YouTube Whistleblower Vindicated By Homeland Security IG

The Department of Homeland Security's inspector general has confirmed some of the allegations of mismanagement at the U.S. Coast Guard, originally posted on YouTube last month by a former Lockheed Martin engineer.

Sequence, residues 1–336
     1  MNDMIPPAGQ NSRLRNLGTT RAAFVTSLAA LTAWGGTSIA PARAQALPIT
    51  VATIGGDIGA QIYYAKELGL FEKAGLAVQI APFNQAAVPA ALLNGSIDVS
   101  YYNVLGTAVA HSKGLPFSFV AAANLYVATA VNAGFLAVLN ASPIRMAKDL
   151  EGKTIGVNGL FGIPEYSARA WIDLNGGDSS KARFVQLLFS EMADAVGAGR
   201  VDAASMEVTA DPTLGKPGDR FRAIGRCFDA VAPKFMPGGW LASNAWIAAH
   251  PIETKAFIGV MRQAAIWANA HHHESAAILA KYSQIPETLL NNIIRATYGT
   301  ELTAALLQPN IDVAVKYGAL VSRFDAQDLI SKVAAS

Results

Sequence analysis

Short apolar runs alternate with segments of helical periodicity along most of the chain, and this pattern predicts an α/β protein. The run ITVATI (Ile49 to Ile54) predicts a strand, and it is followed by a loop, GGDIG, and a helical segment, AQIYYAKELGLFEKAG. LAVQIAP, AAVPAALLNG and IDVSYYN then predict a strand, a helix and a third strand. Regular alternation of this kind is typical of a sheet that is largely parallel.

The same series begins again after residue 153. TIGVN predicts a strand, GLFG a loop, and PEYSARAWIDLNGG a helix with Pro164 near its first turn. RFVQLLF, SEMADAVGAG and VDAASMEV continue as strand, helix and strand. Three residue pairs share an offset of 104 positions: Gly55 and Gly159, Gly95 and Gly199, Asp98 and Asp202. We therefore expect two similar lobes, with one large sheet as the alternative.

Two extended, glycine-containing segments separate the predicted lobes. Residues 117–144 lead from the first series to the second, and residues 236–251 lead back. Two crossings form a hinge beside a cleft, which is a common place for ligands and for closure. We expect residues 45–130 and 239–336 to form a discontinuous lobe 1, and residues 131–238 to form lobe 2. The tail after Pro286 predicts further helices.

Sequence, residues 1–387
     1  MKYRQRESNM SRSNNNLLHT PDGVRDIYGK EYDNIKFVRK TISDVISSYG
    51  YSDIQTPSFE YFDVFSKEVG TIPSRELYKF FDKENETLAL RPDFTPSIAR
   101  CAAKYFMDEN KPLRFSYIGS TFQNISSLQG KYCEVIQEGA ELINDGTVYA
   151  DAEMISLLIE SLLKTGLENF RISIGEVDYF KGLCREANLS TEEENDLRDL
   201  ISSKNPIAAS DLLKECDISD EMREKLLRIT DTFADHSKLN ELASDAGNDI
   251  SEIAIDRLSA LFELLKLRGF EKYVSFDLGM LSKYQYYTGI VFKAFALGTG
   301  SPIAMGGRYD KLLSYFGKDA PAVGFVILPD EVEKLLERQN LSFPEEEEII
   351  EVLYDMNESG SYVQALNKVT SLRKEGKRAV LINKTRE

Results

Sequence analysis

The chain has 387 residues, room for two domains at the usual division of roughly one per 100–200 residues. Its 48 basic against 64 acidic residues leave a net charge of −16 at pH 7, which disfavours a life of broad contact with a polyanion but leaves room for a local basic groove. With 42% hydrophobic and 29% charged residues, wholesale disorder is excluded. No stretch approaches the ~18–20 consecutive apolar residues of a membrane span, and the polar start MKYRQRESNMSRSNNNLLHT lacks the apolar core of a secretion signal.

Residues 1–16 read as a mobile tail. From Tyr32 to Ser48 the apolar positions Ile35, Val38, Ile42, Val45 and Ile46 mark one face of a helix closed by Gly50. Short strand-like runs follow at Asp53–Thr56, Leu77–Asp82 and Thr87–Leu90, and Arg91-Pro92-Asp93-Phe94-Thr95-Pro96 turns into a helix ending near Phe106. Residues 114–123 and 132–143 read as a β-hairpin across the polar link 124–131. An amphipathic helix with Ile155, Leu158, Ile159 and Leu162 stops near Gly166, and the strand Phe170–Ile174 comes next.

The Navy Times reports that DHS Inspector General Richard Skinner has "delivered a scathing assessment of the Coast Guard's management over its Deepwater information technology systems." "Deepwater" was the code name of the $24 billion budget project to refurbish and upgrade U.S. Coast Guard patrol boats, awarded to Lockheed Martin. Michael De Kort, one of the company's lead engineers on the project, was fired from the military contractor after airing concerns about significant security flaws and deficiencies with the boats on YouTube. Lockheed Martin said there was no connection between the two events. The IG's primary report does not delve into De Kort's specific examples of faulty quality-control issues, but does endorse his claims that the decision-making and review process is inherently flawed. In his report, Skinner charges that the Coast Guard has "limited influence over the decision the contractor makes toward meeting information technology requirement." Since the contractors control much of the decision-making process, the Coast Guard is often "forced to accept plans and equipment because it cannot review contract documents before the contractor moves ahead with its plans." A spokesperson for the DHS says that a report on De Kort's concerns about the program's physical shortfalls will likely be released by the end of the month. In the YouTube video, De Kort claims that the upgraded patrol boats' security cameras still have blind spots, its communications network is insecure, and cold weather will cause some of its equipment to shut down

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